Revised and reprinted in Handbook of Philosophical Logic, volume 10, Dov Gabbay and Frans Guenthner (eds.), Dordrecht: Kluwer, (2003). -- Two sorts of property theory are distinguished, those dealing with intensional contexts property abstracts (infinitive and gerundive phrases) and proposition abstracts (‘that’-clauses) and those dealing with predication (or instantiation) relations. The first is deemed to be epistemologically more primary, for “the argument from intensional logic” is perhaps the best argument for the existence of properties. This argument is presented (...) in the course of discussing generality, quantifying-in, learnability, referential semantics, nominalism, conceptualism, realism, type-freedom, the first-order/higher-order controversy, names, indexicals, descriptions, Mates’ puzzle, and the paradox of analysis. Two first-order intensional logics are then formulated. Finally, fixed-point type-free theories of predication are discussed, especially their relation to the question whether properties may be identified with propositional functions. (shrink)
Revised and reprinted; originally in Dov Gabbay & Franz Guenthner (eds.), Handbook of Philosophical Logic, Volume IV. Kluwer 133-251. -- Two sorts of property theory are distinguished, those dealing with intensional contexts property abstracts (infinitive and gerundive phrases) and proposition abstracts (‘that’-clauses) and those dealing with predication (or instantiation) relations. The first is deemed to be epistemologically more primary, for “the argument from intensional logic” is perhaps the best argument for the existence of properties. This argument is presented (...) in the course of discussing generality, quantifying-in, learnability, referential semantics, nominalism, conceptualism, realism, type-freedom, the first-order/higher-order controversy, names, indexicals, descriptions, Mates’ puzzle, and the paradox of analysis. Two first-order intensional logics are then formulated. Finally, fixed-point type-free theories of predication are discussed, especially their relation to the question whether properties may be identified with propositional functions. (shrink)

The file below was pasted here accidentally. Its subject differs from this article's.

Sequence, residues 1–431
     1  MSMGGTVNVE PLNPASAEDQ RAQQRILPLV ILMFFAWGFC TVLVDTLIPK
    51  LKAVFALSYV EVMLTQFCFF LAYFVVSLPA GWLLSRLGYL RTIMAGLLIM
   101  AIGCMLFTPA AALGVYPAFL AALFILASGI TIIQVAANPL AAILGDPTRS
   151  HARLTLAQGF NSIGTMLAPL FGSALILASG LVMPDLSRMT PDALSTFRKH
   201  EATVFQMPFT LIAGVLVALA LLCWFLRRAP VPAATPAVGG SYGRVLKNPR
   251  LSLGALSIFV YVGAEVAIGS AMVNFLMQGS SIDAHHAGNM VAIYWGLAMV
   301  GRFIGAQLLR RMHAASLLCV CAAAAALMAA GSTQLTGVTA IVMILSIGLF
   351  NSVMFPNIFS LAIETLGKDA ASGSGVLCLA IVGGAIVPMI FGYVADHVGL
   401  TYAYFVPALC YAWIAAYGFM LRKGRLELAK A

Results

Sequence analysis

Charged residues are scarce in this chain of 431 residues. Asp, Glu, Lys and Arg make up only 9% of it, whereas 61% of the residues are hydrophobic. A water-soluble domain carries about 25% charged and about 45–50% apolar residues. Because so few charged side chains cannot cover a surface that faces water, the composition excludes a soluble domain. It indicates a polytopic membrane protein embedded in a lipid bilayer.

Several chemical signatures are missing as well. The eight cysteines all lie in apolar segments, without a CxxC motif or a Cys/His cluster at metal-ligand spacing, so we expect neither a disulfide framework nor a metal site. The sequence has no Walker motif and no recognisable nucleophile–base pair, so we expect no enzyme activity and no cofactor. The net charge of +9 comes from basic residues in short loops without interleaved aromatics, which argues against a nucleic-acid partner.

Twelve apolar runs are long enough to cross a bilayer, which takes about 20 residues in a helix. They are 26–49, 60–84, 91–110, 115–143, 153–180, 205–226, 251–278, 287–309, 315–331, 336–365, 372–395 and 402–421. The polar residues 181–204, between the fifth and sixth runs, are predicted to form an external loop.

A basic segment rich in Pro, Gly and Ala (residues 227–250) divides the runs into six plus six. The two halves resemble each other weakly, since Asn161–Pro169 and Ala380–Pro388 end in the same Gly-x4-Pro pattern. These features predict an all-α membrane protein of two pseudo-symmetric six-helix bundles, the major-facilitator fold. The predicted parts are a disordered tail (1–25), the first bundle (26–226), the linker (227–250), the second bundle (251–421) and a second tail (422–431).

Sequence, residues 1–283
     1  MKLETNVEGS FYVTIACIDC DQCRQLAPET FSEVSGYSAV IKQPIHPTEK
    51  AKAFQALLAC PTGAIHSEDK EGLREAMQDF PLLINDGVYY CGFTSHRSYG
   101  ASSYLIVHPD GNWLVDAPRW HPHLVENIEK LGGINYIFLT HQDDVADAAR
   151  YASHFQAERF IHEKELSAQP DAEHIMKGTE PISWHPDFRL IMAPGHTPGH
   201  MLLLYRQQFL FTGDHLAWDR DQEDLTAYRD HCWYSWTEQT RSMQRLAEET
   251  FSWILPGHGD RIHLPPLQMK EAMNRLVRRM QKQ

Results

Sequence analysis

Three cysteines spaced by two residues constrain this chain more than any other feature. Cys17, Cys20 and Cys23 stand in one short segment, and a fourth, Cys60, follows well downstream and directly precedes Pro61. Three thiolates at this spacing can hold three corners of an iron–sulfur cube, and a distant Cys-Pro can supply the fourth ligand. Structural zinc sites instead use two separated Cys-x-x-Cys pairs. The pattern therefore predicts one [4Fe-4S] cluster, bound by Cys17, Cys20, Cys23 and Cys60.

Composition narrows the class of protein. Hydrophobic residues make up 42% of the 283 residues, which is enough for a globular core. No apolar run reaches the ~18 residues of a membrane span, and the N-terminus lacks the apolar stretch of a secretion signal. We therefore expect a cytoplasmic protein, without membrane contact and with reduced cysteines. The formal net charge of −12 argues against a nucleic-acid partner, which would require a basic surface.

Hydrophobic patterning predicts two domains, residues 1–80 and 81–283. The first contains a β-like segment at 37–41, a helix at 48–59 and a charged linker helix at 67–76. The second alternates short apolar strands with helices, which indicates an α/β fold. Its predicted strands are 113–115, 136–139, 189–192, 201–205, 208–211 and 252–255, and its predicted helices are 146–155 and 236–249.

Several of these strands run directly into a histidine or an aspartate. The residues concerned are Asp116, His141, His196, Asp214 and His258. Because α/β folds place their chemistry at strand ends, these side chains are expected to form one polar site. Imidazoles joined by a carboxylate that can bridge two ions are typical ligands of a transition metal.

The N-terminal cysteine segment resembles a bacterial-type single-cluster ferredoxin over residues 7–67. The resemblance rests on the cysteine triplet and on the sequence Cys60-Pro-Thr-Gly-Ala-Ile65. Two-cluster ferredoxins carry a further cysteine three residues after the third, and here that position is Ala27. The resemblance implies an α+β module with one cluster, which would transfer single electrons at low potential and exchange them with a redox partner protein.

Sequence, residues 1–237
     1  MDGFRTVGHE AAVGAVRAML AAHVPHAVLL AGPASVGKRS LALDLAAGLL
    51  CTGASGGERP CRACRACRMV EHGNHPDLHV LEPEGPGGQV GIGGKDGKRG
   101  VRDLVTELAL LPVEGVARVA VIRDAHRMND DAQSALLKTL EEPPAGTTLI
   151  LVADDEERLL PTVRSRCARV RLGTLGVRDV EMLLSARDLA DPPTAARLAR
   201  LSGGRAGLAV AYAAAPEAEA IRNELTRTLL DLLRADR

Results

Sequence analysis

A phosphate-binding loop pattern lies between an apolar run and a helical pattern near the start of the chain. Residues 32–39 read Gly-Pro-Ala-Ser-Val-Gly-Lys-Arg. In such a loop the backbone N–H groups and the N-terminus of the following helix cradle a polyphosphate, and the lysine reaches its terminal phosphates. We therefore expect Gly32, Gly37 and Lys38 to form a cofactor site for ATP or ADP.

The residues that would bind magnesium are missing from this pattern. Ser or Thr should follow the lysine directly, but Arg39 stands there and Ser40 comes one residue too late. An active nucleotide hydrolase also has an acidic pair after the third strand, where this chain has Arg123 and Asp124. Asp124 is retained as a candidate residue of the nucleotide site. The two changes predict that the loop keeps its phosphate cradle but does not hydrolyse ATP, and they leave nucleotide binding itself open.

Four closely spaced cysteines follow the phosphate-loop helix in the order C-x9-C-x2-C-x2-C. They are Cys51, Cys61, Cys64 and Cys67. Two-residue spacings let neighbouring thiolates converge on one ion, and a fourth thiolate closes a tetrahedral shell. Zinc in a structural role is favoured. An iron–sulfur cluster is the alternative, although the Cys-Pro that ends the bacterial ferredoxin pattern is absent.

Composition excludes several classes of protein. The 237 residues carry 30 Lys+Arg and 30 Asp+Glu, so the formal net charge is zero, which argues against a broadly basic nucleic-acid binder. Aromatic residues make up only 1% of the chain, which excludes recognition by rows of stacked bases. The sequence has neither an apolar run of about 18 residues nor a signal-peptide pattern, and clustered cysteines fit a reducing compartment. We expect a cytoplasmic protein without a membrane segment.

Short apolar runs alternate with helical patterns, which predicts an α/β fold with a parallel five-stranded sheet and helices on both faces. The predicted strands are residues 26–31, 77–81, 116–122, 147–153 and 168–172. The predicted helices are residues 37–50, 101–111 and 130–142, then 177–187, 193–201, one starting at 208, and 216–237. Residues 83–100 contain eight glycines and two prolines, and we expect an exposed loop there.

Drawing on empirical evidence from history and anthropology, we aim to demonstrate that there is room for genealogical ideology critique within normative political theory. The test case is some libertarians’ use of folk notions of private property rights in defence of the legitimacy of capitalist states. Our genealogy of the notion of private property shows that asking whether a capitalist state can emerge without violations of self-ownership cannot help settling the question of its legitimacy, because the notion of (...) private property presupposed by that question is a product of the entity it is supposed to help legitimise: the state. We anchor our genealogical critique in recent work on ideology in epistemology and philosophy of language, and in current debates on the methodology of political theory. But, unlike more traditional approaches that aim to debunk whole concepts or even belief systems, we propose a more targeted, argument-specific form of ideology critique. (shrink)
Since the publication of David Lewis's ''New Work for a Theory of Universals,'' the distinction between properties that are fundamental – or perfectly natural – and those that are not has become a staple of mainstream metaphysics. Plausible candidates for perfect naturalness include the quantitative properties posited by fundamental physics. This paper argues for two claims: (1) the most satisfying account of quantitative properties employs higher-order relations, and (2) these relations must be perfectly natural, for otherwise the perfectly natural properties (...) cannot play the roles in metaphysical theorizing as envisaged by Lewis. (shrink)